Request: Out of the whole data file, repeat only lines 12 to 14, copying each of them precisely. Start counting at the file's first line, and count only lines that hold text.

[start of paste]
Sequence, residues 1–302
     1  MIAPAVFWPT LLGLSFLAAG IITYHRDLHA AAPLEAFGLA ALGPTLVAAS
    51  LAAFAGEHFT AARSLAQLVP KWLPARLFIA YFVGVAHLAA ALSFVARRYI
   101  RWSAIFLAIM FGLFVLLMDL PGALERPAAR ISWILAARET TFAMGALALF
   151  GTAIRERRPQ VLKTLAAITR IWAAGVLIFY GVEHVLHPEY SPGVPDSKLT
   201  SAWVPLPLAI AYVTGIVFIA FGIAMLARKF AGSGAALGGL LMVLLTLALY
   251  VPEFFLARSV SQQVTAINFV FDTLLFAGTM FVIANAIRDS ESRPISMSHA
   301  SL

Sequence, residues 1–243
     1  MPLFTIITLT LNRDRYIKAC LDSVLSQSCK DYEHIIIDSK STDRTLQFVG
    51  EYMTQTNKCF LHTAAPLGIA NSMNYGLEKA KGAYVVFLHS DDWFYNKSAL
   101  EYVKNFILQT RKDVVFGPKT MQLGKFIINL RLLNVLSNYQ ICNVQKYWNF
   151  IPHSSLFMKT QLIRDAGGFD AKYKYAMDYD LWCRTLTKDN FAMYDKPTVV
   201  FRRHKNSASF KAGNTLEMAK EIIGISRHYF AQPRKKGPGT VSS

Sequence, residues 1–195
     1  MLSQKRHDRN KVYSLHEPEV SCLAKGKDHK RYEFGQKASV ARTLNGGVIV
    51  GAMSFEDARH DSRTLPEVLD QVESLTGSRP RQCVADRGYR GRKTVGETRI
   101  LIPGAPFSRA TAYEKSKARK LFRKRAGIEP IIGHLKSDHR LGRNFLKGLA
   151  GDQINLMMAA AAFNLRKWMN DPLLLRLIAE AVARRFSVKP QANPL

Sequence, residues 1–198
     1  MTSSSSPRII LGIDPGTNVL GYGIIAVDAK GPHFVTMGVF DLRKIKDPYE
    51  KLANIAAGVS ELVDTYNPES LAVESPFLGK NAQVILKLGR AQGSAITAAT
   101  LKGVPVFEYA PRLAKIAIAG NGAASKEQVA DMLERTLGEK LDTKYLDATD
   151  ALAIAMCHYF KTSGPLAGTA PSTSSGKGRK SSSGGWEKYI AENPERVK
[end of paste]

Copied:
   101  EYVKNFILQT RKDVVFGPKT MQLGKFIINL RLLNVLSNYQ ICNVQKYWNF
   151  IPHSSLFMKT QLIRDAGGFD AKYKYAMDYD LWCRTLTKDN FAMYDKPTVV
   201  FRRHKNSASF KAGNTLEMAK EIIGISRHYF AQPRKKGPGT VSS